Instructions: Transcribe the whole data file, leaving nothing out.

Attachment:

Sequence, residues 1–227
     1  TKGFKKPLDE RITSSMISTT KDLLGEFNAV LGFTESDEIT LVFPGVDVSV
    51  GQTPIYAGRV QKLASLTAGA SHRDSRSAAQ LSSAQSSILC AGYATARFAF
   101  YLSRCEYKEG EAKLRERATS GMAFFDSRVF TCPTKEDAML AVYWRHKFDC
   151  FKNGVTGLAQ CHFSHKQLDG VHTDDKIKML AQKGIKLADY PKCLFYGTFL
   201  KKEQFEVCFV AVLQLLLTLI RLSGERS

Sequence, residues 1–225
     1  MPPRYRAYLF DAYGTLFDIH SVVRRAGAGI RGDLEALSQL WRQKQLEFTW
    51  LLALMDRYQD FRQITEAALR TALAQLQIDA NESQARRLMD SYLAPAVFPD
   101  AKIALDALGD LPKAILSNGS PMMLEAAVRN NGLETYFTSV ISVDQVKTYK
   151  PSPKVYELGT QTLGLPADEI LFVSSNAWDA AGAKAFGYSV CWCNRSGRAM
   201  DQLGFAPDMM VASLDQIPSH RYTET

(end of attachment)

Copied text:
Sequence, residues 1–227
     1  TKGFKKPLDE RITSSMISTT KDLLGEFNAV LGFTESDEIT LVFPGVDVSV
    51  GQTPIYAGRV QKLASLTAGA SHRDSRSAAQ LSSAQSSILC AGYATARFAF
   101  YLSRCEYKEG EAKLRERATS GMAFFDSRVF TCPTKEDAML AVYWRHKFDC
   151  FKNGVTGLAQ CHFSHKQLDG VHTDDKIKML AQKGIKLADY PKCLFYGTFL
   201  KKEQFEVCFV AVLQLLLTLI RLSGERS

Sequence, residues 1–225
     1  MPPRYRAYLF DAYGTLFDIH SVVRRAGAGI RGDLEALSQL WRQKQLEFTW
    51  LLALMDRYQD FRQITEAALR TALAQLQIDA NESQARRLMD SYLAPAVFPD
   101  AKIALDALGD LPKAILSNGS PMMLEAAVRN NGLETYFTSV ISVDQVKTYK
   151  PSPKVYELGT QTLGLPADEI LFVSSNAWDA AGAKAFGYSV CWCNRSGRAM
   201  DQLGFAPDMM VASLDQIPSH RYTET